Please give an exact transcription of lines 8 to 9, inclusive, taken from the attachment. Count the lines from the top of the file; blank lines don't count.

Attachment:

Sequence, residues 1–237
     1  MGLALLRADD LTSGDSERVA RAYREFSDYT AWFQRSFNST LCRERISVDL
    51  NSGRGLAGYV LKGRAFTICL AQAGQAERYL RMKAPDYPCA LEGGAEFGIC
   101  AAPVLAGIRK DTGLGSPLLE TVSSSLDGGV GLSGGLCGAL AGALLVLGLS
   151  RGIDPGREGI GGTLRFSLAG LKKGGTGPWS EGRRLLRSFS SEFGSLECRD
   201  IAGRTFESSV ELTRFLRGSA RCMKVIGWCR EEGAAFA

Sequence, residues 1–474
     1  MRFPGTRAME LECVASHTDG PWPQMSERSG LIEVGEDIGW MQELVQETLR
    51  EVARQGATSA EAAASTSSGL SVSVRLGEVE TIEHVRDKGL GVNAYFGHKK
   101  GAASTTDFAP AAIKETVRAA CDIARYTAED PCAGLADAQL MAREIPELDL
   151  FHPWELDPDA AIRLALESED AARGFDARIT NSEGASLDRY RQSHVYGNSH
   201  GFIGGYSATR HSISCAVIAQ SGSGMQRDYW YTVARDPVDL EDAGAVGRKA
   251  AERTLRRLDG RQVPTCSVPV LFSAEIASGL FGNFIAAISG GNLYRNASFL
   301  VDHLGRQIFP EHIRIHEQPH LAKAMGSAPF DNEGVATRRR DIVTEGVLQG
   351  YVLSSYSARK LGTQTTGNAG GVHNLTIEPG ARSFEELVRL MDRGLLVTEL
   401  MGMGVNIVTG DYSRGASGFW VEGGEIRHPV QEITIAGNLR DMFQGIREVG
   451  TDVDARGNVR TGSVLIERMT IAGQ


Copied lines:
     1  MRFPGTRAME LECVASHTDG PWPQMSERSG LIEVGEDIGW MQELVQETLR
    51  EVARQGATSA EAAASTSSGL SVSVRLGEVE TIEHVRDKGL GVNAYFGHKK